Greed and fear are both riding a neurotic Karma cycle

Dipen Sheth

Head - Equity & Strategic Marketing, HDFC Securities

Your shares have cracked, your MFs are bleeding. In just few a months, the Coronavirus has decimated stock markets. If this isn’t pain enough, you have almost every market ‘expert’ offering a stream of philosophical market advice on how to tackle this tsunami. Greed and fear are both riding a neurotic Karma cycle. Every investor, citizen and human being wants to know: what’s the truth and how do we navigate through this storm?

The answer is less glamorous and decidedly more painful than what the mavens are willing to admit: Nobody has a clue! The only thing that is definitely clear is that the real world, not just the financial world, is in serious trouble. The apparent incurability of the virus, its exponential global spread and the disruptions on full display tell us that its impact on the real economy is far more debilitating that what most spread sheet analysts are comforting us. With the frantic and coordinated efforts being made to invent vaccines and drugs plus the massive administrative actions to ‘flatten’ the propensity of the virus to spread, maybe humankind will have the last laugh. 

The first step to repair your portfolio may actually involve selling (at least the really bad, low quality stuff) at every bounce. A hard look is needed at the quality of your holdings, not how much you’ve lost. If buying a high-quality business at ‘any price’ worked in the trailing few years in India, it may well be that selling a low quality business at ‘any price’ will work here on! Staying wedded to such duds in your portfolio destroys self-esteem and blunts your investment mind-set. Make a ‘detox’ exit from these stocks and don’t regret what price you exited at.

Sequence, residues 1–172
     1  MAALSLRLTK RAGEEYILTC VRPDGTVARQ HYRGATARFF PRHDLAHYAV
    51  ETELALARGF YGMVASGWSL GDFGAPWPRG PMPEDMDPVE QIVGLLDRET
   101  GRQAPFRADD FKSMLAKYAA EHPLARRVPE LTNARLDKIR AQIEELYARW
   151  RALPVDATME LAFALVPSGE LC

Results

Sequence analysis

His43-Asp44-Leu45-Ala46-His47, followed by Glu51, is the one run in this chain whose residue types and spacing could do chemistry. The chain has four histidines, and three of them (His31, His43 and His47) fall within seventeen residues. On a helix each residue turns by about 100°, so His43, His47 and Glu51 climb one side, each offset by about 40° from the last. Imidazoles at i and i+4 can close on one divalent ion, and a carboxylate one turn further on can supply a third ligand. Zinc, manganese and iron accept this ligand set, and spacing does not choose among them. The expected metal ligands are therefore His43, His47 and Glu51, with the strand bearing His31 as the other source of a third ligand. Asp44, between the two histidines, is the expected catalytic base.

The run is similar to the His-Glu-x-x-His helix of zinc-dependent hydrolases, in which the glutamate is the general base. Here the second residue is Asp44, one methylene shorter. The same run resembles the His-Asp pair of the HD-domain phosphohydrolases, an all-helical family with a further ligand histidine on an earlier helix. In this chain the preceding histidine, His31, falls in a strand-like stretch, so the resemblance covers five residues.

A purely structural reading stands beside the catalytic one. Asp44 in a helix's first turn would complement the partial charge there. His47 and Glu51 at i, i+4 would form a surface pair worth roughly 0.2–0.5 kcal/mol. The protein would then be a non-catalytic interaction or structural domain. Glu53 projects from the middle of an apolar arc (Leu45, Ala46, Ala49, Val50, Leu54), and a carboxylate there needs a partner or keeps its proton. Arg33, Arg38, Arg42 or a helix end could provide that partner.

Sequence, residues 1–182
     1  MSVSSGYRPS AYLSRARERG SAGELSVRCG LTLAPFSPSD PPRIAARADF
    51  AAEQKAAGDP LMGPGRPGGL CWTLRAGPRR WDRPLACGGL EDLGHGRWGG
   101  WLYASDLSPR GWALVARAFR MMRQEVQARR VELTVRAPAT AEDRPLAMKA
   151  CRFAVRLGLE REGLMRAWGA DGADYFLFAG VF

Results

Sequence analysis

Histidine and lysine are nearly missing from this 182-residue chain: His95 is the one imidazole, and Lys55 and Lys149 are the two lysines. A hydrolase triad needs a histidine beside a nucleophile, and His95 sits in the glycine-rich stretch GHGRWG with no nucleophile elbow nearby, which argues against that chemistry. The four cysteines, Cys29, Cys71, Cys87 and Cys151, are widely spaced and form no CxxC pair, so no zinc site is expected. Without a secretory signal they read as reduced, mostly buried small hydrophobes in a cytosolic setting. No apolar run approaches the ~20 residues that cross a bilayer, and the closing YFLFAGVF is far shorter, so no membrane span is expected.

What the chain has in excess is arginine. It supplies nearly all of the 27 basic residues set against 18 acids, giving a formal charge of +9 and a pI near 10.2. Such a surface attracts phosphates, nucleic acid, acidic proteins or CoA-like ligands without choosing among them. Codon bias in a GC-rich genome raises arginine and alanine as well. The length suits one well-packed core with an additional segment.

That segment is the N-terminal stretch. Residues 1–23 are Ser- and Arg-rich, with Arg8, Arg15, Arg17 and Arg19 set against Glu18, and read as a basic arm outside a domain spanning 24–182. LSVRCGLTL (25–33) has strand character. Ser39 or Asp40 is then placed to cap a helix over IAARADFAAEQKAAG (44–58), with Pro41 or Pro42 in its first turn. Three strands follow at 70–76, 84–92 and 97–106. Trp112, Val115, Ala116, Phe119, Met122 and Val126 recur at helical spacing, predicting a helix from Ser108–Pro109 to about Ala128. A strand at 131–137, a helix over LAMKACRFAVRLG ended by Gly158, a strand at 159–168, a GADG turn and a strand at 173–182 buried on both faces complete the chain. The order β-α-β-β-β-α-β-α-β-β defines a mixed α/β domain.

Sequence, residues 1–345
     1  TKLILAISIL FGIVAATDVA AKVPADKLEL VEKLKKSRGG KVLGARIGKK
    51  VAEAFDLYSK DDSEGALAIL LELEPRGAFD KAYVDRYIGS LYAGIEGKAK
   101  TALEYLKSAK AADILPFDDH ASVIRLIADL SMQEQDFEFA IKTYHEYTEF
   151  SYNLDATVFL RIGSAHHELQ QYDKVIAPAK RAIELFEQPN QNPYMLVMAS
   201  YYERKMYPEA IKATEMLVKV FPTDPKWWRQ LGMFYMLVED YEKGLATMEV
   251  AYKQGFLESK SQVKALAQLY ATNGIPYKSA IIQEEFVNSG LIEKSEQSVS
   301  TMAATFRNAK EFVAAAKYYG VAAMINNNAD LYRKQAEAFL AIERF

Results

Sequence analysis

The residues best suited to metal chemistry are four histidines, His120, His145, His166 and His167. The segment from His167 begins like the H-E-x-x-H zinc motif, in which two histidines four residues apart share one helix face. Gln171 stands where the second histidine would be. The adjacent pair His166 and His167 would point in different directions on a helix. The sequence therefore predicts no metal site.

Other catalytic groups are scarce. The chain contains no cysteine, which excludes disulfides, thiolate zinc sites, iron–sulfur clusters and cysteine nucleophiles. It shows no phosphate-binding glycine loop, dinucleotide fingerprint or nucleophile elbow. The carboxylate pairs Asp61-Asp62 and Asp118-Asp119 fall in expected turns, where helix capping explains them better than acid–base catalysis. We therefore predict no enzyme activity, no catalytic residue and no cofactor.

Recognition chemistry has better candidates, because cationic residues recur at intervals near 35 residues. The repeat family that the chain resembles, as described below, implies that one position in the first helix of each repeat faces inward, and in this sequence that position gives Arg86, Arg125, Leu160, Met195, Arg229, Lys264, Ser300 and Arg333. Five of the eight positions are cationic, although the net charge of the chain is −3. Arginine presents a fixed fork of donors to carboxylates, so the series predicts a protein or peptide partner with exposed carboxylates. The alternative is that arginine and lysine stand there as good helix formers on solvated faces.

For your MF exposures, a ruthless review of your existing MFs (SIPs and Lump Sum holdings) is required. Several debt funds, too, have suffered mark downs owing to reckless purchases of securities issued by less than credible firms. Any FM who invested in equity or debt issued by DHFL, Yes Bank or Indiabulls (for example) needs to be asked some tough questions.

Meanwhile, volatility is the staple food of the compulsive trader. So if you enjoy ‘playing at the tables’ for entertainment, do it. But do it with small (and frequent) bets. And be disciplined enough to cut your losses as per your trading strategy. Aspire to make only ‘net net’ profits over time, and not to get all your bets right! Finally, the most important thing to know is that once the markets turn around(we really don’t know when this will happen or how or why), the money-making opportunity will be too good to pass.

So why not make it with us, Switch to HDFC Bank:

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